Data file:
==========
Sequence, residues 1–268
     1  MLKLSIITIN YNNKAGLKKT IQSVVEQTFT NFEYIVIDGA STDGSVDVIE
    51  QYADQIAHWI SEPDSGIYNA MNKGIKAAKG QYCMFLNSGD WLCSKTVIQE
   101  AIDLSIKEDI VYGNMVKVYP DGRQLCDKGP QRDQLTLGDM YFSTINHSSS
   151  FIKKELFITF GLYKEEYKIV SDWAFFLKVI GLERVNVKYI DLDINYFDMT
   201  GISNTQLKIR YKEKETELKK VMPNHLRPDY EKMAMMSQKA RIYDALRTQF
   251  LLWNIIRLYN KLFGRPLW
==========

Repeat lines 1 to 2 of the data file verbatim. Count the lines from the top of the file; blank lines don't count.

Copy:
Sequence, residues 1–268
     1  MLKLSIITIN YNNKAGLKKT IQSVVEQTFT NFEYIVIDGA STDGSVDVIE